A Birmingham manufacturer has helped to further protect London bus drivers against Covid-19 by developing a new way of circulating air around the cab. Commissioned by Transport for London (TfL) and taking expert advice from University College London (UCL), Grayson Thermal Systems (GTS) has come up with a way of changing air-conditioning recirculating systems into units that circulate fresh air into the driver’s cab from outside the vehicle.
The company’s team of engineers came up with the prototype solution, and it was then invited by eight London fleet operating companies to convert more than 1,200 buses over a two-month period, meaning all 9,300 buses in London’s fleet meet TfL’s strict driver safety guidance and new specifications.
Ian Hateley, Group Aftermarket Director at GTS, explained: “The loss of London bus drivers to the pandemic is tragic and we were pleased to be part of a solution to build on TfL’s existing safety measures to reduce the potential spread of the virus. We looked at our existing air-conditioning systems and developed a way of converting them so that they created positive pressure in the enclosed driver cabin, forcing existing air out and replacing it with air from outside the bus.
“Now complete, the modification gives in excess of 100 air changes per hour within the driver cabin and ensures that a wider initiative to seal the driver cabin away from passengers is enhanced, as air is no longer moving from the entrance into the cab area.”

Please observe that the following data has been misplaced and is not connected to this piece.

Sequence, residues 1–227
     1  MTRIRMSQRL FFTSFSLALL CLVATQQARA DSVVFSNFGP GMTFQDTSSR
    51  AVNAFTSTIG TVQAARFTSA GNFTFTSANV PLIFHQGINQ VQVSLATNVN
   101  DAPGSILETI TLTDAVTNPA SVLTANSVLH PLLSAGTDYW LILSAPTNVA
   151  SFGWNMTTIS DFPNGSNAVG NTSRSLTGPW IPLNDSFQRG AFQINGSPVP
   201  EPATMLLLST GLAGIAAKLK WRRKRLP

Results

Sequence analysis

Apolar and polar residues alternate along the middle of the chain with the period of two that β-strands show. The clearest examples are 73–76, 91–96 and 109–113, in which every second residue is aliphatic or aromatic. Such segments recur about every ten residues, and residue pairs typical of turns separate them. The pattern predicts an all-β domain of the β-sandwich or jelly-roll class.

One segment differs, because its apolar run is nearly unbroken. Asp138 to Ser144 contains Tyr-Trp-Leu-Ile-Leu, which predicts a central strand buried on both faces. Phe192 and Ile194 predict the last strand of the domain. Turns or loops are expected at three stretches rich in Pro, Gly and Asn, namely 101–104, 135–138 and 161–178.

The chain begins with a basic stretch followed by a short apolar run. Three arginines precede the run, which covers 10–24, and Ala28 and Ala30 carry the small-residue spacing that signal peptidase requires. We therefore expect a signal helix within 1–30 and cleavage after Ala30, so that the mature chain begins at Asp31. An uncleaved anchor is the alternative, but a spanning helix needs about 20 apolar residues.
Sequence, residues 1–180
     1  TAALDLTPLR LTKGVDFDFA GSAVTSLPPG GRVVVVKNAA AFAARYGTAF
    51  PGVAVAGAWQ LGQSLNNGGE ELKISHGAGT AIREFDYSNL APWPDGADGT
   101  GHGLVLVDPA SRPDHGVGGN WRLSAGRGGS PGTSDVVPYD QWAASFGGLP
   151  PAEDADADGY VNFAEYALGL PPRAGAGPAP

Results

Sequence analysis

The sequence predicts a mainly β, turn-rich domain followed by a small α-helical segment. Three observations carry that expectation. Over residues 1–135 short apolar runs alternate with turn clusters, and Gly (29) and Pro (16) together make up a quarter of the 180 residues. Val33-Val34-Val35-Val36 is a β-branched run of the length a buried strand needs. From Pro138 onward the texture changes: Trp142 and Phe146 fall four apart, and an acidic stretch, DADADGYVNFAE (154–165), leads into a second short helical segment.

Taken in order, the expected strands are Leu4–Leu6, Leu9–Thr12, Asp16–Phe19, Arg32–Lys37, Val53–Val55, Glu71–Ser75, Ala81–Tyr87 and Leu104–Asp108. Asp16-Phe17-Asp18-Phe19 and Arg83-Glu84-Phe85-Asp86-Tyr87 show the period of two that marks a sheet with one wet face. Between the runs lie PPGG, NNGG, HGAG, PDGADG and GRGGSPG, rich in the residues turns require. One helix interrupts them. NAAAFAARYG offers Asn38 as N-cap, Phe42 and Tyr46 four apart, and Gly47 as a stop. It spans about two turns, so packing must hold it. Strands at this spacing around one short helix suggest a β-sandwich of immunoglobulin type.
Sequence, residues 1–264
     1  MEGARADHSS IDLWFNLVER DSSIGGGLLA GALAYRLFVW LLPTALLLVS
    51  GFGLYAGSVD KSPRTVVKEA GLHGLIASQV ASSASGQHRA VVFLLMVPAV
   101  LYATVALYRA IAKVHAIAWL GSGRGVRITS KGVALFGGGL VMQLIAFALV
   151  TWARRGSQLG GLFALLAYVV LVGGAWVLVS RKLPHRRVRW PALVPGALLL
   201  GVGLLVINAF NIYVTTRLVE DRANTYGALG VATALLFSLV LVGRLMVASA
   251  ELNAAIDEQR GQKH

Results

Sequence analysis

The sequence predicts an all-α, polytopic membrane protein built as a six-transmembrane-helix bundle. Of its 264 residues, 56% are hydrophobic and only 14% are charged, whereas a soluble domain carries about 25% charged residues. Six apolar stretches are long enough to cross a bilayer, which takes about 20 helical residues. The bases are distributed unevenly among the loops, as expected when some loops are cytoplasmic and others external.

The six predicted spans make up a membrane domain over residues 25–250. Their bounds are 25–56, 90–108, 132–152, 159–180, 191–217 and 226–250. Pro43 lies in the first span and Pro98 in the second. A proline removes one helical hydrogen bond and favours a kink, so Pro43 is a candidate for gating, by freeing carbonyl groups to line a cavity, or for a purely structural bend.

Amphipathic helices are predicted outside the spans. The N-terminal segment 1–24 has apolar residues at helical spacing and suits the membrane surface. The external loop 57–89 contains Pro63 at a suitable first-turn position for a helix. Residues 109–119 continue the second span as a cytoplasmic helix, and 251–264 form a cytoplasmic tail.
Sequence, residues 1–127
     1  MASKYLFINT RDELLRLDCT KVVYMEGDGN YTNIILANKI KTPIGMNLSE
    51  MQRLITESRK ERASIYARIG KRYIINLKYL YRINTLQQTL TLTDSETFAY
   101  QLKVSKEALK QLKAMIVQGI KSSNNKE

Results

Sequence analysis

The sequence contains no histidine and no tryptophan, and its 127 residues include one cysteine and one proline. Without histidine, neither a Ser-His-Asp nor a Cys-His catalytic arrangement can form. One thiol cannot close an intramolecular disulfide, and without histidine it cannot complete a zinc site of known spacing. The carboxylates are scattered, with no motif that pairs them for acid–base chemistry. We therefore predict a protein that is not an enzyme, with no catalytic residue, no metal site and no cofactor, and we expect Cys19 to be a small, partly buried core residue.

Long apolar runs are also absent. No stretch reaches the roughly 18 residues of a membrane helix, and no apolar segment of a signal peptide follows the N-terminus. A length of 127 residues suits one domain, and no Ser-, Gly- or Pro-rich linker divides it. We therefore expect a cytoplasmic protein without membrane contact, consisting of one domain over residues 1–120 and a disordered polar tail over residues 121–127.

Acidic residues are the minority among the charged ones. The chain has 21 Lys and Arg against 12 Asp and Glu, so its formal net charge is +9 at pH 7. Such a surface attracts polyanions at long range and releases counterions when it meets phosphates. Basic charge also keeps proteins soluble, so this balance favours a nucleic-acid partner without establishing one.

GTS, which designs, manufactures and supplies engine cooling, heating and air-conditioning products to customers around the globe, created a new positive air retrofit unit for each vehicle type and then set about a capacity plan to convert each of the 1,200 vehicles in London.
Six centres were set up across the city and a fifteen-strong team of engineers from GTS and Alexander Dennis were trained up for the project, whilst a specialist scaffolding gantry was designed and built by partner London Network Scaffolding so experts could work on the roof of the vehicles safely.
All 1,200 air-conditioning systems were additionally health checked upon modification and a triage system was set up to rectify any vehicles where faults were identified within the GTS five-year warranty.
“This was a massive logistical task and one that we overcame as every partner in the project was fully on board, so that we could make the changes as quickly as possible and further protect London bus drivers who are doing a great job. In the end, the final project delivery came in ahead of plan for every site,” continued Ian.
“I’m very proud of how our designers and engineers came up with a solution and delivered it in a very strict timeframe, playing a small but important role in helping to combat the spread of Covid-19.”